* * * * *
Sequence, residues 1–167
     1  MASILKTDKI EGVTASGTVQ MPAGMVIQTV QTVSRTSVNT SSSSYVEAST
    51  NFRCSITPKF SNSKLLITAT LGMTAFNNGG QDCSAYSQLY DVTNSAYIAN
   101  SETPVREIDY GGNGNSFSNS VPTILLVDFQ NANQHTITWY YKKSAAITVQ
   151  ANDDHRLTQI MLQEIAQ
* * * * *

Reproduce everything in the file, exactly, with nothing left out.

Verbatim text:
Sequence, residues 1–167
     1  MASILKTDKI EGVTASGTVQ MPAGMVIQTV QTVSRTSVNT SSSSYVEAST
    51  NFRCSITPKF SNSKLLITAT LGMTAFNNGG QDCSAYSQLY DVTNSAYIAN
   101  SETPVREIDY GGNGNSFSNS VPTILLVDFQ NANQHTITWY YKKSAAITVQ
   151  ANDDHRLTQI MLQEIAQ